The following article is based on my own personal experience and is not meant to paint all white liberals with a broad brush. Rather, I write this to inform people of the extreme privilege I see held by many white liberals.
“How can you hate your own skin color?” I have been asked this specific question many times by progressive white liberals. My answer, constant and sturdy as my political convictions, is: “I don’t.” White liberals, throughout my experience espousing unpopular political and economic beliefs, have berated, harassed, and questioned the fundamental nature of my character. White liberals have belittled my concern for the genocide of Christians currently occurring in the Middle East and then went ahead and posted Black Lives Matter and Stop Asian Hate. White liberals have undeniable privilege, from the likes of Elizabeth Warren and her pathetic attempts to claim Native American heritage, to Joe Biden and his racist comments towards the Black community. White liberals overwhelm much of public political discourse and have repeatedly attempted to silence and condemn people of color, such as myself, who follow non-progressive political ideologies. However, their attempts to oppress us with their privilege will not go unnoticed anymore.
“You don’t know what you’re talking about, you’re ignorant.”
While I’m not saying people of color can’t be ignorant, white people trying to silence me saying I’m uneducated seems both rude and can be considered racist. It is my experience that anytime a person of color isn’t progressive, they are considered to be uneducated, and honestly, I find this repulsive. No, I am not ignorant because I am a capitalist. I am not ignorant because I am not a strong supporter of critical race theory. I have beliefs that may be against the norm, and that should be accepted and celebrated. In fact, diversity of beliefs is much more important than diversity of something as surface level as skin color. We should be celebrating the diversity of religion, culture, ideology and not just the color someone’s skin happens to be.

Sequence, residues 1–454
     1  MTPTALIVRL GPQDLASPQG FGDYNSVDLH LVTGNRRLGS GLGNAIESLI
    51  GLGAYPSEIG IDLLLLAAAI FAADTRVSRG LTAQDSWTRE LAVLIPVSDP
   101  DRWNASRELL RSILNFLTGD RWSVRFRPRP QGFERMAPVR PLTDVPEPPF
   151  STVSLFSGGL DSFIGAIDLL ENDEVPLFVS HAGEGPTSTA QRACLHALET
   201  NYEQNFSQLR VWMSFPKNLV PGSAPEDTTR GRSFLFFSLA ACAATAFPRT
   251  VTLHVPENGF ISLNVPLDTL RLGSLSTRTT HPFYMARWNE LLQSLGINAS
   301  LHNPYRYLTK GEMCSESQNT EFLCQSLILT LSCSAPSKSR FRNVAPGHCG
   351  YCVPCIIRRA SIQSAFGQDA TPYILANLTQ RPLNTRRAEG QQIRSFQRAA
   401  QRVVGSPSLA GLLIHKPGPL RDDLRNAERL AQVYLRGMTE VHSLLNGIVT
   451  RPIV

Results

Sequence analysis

Making everything about race
Not everything under the sun is related to race. Let me reiterate that. Not everything is about race. Economic issues, while undeniably linked to race, are not solely a race problem. Economic issues are intersectional, consisting of race, gender, and culture, as well as factors such as empirical data, psychology, and sociology. If a person of color is of a low-income background, it is unethical and wrong to just assume that it is completely a result of their skin color. While income and wealth are generational issues, many migrants do financially well in this nation. According to Bloomberg, Nigerian immigrants do extremely well in the United States: “Nigerian-Americans, for instance, have a median household income well above the American average, and above the average of many white and Asian groups, such as those of Dutch or Korean descent.” (1) And while race still plays an extremely important role in modern economic and political discourse, basic economic factors such as income statistics and household wealth cannot just be boiled down to racial factors, but should include a whole host of factors such as personal choice, childhood upbringing, and personal cultural norms.
It is my experience that many white people complain about racial issues and then subsequently turn around and attempt to invalidate my lived experiences as a child of two immigrant parents. While I consider myself privileged to live in America and attend a university, my life by no means has been easy, and the road my parents took to get to this position was extremely difficult. White liberals should always feel comfortable discussing their opinions. However, sometimes, their attempts to silence and discourage non-liberal talking points are noted and will not be tolerated any longer.